How many European bankers does it take to change a light bulb? That's a joke in search of an answer, but EWI's European analyst Brian Whitmer explained five months ago that the "light bulb moment" was coming -- that's the time when most people would clearly recognize the severity of the European debt crisis. He offered this spot-on analysis back in July 2011, before the larger world came to know recently how bad things really are in the eurozone.
This chart shows how markets in Greece, Ireland and Portugal have behaved over the past five years, including the bailouts. Whitmer says that the turmoil in Greece is due mostly to both social mood and Greek markets having plummeted for more than a year and a half, while the larger EU stock markets have levitated. Once they turn down, he forecasts that what you saw in Greece will be replayed in the eurozone.
To help his subscribers see the light and get the full picture, he compared EU member nations under financial scrutiny to those that are usually viewed as being safe -- and showed that they weren't as safe as most people thought.
Specifically, Whitmer warned that the debt per person in Greece looked eerily similar to the debt per person in highly regarded countries, such as Germany and France -- and even to non-eurozone countries, such as the United Kingdom.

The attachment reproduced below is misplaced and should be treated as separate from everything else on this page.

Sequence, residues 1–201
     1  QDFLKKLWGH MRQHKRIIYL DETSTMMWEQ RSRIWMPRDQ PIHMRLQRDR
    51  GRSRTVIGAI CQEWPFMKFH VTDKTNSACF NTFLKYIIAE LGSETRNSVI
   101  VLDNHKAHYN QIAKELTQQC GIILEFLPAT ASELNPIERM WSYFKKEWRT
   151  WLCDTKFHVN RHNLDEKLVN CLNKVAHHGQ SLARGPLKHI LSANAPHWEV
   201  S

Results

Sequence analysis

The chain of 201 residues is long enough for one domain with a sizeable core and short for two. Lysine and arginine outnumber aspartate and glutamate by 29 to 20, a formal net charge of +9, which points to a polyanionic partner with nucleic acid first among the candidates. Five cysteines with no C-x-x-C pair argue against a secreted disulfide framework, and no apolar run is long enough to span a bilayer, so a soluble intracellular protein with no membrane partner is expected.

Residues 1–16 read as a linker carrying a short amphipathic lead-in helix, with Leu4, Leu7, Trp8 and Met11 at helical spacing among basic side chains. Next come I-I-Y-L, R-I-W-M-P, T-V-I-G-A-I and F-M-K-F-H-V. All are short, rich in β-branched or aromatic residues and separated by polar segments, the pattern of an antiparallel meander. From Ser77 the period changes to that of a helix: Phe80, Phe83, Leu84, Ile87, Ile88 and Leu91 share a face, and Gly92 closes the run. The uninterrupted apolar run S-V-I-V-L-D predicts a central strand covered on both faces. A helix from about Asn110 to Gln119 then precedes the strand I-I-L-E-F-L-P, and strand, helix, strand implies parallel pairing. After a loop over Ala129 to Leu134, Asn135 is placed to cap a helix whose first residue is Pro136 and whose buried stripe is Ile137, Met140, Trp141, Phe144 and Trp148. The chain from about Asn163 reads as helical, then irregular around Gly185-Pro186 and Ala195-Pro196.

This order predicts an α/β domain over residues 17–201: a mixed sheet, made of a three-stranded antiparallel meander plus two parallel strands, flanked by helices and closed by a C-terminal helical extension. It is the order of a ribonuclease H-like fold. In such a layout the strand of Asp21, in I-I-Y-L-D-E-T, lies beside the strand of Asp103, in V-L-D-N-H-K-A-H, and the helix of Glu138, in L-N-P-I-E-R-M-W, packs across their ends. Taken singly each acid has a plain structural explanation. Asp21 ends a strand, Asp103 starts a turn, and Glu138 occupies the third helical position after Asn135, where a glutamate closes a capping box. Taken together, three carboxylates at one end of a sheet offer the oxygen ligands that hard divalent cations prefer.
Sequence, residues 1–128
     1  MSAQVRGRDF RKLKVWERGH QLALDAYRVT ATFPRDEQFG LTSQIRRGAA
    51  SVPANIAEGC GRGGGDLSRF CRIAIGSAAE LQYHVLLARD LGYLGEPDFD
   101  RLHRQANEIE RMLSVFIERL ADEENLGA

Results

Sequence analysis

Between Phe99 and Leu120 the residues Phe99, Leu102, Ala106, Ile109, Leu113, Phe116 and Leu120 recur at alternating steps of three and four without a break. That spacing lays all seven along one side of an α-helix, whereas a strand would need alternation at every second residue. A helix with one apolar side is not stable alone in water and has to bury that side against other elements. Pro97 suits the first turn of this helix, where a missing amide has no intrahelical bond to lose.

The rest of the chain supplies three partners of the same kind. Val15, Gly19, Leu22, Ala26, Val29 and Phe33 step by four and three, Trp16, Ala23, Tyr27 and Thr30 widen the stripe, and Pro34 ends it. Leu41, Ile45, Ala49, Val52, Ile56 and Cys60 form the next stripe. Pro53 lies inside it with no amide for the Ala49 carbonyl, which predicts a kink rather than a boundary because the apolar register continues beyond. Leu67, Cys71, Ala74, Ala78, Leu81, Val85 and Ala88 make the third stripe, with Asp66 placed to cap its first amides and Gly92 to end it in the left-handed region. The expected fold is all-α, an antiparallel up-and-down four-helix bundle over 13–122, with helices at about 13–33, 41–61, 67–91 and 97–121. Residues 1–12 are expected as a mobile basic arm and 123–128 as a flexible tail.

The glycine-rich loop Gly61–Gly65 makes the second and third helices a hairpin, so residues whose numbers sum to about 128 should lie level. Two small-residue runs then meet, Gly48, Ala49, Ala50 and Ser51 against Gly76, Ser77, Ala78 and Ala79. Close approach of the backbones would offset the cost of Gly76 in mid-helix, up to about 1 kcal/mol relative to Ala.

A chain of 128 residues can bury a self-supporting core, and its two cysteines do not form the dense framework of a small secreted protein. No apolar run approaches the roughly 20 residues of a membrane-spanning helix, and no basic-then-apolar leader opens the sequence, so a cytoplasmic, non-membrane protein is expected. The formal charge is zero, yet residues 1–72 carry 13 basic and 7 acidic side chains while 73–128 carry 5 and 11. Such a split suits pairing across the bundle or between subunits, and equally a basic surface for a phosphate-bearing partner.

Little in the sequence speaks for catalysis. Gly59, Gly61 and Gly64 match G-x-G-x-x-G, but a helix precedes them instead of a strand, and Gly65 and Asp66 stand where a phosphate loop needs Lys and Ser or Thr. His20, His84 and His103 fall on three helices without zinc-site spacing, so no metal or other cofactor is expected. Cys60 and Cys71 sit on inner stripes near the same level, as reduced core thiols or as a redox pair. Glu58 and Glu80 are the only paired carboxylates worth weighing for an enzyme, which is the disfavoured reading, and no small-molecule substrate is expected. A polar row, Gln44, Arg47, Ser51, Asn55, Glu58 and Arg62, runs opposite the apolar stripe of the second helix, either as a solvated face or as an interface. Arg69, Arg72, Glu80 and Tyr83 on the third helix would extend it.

In 2010, Britain proposed a five-year, 25% budget reduction that affects nearly every area of the government. While it sounds like a drastic measure, it has played out differently during the past year. According to member of European Parliament Daniel Hannan, statistics show that not only is government spending and borrowing significantly higher than this time last year, but taxes, too, are way up. Whitmer notes that the budget cuts rely heavily on the future and lack near-term bite.
Why has the worst of Europe's violence taken place on the streets of Athens rather than London? Athenians did not suddenly grow more violent in 2011. What has changed since 2007 is their stock market. Whitmer's words of advice: "...should your country's stock market begin to look like Greece's, watch out. Trouble will be on the way."
European Financial Forecast Editor Brian Whitmer has covered Europe's debt crisis since March 2010 -- and his forecasts kept subscribers ahead of the downward spiral every step of the way. Read more of his analysis in our free report, "The European Debt Crisis and Your Investments."